Past the typical definitions, and the biased definitions, let us look at the original Constitution (with the first 10 Amendments) and think.
A democracy is a system of government where the people choose who governs them. In a democracy, the majority rules, and what the majority wants is what the government must do.
A republic is a system of government where the people choose who upholds the laws that they have decided to live under. In a republic, the representative of the people (whether he be a president, senator or governor) is elected to follow and keep the laws of the state/commonwealth/country.
In the original Constitution, State/Commonwealth Senators to the government of the United States were appointed by the legislatures of the State/Commonwealth. The problems of majority/minority were non-existent because they didn't matter.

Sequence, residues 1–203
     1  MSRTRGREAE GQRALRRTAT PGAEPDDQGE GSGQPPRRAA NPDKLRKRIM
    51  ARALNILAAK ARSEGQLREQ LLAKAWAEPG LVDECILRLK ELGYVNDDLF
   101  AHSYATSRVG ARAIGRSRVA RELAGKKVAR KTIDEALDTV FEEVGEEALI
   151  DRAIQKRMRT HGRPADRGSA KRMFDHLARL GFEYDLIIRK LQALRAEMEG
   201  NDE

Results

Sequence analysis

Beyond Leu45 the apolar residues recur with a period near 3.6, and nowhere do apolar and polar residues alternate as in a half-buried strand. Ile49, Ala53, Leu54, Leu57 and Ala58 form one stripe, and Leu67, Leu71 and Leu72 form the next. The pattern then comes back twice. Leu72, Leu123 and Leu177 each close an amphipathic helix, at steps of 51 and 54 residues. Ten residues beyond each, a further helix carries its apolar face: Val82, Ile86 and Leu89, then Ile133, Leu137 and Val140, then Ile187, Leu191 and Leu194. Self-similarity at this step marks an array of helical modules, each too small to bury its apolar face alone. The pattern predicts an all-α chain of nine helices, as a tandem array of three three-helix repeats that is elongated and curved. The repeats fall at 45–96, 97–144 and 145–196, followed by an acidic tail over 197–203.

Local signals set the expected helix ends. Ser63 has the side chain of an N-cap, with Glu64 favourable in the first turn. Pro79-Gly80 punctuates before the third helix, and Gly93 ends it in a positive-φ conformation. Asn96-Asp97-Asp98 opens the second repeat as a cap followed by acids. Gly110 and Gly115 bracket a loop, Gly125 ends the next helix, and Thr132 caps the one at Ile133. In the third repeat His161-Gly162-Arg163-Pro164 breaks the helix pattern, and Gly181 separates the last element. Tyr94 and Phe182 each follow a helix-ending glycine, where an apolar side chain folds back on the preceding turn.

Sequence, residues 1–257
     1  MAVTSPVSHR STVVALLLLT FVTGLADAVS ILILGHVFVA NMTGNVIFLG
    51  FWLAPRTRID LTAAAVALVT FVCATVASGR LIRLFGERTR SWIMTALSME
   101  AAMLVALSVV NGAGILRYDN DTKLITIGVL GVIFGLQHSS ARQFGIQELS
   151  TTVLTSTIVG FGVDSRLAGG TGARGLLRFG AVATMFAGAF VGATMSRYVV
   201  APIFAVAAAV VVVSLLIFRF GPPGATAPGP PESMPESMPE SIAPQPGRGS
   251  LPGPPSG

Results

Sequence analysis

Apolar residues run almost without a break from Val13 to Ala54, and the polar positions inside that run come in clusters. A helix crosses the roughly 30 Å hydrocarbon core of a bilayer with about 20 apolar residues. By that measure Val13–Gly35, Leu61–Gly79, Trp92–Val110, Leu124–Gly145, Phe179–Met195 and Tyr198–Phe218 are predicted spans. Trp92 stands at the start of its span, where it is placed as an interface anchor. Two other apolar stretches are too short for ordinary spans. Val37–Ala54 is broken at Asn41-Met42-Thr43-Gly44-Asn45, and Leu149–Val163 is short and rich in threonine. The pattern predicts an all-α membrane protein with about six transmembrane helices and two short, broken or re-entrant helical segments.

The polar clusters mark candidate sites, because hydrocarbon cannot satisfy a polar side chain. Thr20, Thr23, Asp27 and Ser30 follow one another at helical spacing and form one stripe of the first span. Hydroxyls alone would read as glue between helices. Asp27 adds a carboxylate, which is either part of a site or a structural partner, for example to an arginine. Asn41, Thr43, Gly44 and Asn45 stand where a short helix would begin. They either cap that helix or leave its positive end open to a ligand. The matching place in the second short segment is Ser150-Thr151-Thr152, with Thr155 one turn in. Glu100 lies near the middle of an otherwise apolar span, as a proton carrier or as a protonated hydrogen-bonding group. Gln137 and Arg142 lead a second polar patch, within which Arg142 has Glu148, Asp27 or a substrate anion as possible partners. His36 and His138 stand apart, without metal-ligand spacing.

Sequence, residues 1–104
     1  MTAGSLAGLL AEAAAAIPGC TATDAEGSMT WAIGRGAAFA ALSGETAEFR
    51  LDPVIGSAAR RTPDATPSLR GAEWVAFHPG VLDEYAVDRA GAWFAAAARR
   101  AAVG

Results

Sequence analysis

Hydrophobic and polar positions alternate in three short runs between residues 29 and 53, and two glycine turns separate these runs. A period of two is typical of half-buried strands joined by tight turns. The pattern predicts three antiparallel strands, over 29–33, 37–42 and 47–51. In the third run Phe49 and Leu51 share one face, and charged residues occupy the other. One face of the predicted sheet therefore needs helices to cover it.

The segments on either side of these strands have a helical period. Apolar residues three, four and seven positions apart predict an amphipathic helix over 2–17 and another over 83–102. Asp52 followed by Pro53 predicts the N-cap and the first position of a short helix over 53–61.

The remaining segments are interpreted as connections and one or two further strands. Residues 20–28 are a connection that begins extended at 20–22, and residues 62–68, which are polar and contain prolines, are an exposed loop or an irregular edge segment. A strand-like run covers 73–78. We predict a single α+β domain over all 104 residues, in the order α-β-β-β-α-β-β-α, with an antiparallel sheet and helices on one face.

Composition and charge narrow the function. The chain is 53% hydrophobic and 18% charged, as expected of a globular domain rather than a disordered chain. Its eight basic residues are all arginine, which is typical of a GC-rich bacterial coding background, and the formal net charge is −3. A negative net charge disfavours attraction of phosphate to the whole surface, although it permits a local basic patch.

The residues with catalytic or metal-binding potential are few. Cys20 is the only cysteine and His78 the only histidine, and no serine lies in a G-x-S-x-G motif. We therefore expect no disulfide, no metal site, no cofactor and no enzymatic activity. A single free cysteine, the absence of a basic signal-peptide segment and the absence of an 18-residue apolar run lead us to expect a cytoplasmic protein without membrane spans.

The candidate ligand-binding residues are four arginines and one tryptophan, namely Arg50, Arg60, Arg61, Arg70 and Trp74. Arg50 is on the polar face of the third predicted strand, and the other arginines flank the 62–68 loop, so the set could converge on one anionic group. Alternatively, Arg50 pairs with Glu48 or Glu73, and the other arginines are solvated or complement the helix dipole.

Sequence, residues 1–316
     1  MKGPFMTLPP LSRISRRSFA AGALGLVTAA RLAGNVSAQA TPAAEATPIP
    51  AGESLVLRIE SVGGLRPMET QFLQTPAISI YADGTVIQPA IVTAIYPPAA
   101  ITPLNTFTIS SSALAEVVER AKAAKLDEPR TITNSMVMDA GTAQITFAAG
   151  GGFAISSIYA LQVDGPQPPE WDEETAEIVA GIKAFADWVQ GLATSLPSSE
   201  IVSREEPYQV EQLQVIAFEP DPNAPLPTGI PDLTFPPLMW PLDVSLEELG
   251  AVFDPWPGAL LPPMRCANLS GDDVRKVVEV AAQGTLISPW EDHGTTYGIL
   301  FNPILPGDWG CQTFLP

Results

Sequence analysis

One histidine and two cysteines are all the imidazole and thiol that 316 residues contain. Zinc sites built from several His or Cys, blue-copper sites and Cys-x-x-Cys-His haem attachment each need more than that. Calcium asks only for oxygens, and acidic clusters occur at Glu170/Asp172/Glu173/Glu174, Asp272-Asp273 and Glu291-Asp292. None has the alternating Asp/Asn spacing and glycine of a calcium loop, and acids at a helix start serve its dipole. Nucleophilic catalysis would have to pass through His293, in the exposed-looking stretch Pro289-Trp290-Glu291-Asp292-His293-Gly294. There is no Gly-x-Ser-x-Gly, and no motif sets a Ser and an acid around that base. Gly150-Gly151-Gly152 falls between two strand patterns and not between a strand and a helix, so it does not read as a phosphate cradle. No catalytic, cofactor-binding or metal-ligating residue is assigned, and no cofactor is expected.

One example is in 1868, when Andrew Johnson was a hair away from being impeached. The House of Representatives impeached him by a landslide, but the Senate was trying to balance on a teeter-totter of the law vs. the people. In the end, only one vote decided it. The senators who dared voted against impeaching the president. Johnson's conduct may have been scandalous and he may have been a bad president, but there was no legal backing for impeaching him.
In my Internet search to verify the names of the dissenters, I came across this comment:
Well people, I hate to break it to you...but a democracy stinks. Majority rule is only one step away from the tyranny of the majority. Then comes the tyranny of the few...and that is only another name for socialism.
But the duty of the Senators, with whom we indeed differ, will be only the plainer. They must follow their sincere convictions, conscious that in so doing they maintain the only permanent principle of a free government; and their task will be the more difficult because they will maintain it against the cry of the party which is its natural protector.
It would probably be folly to try to assign a date to the day we became a democracy, but I think that the day the 17th amendment was ratified is close enough!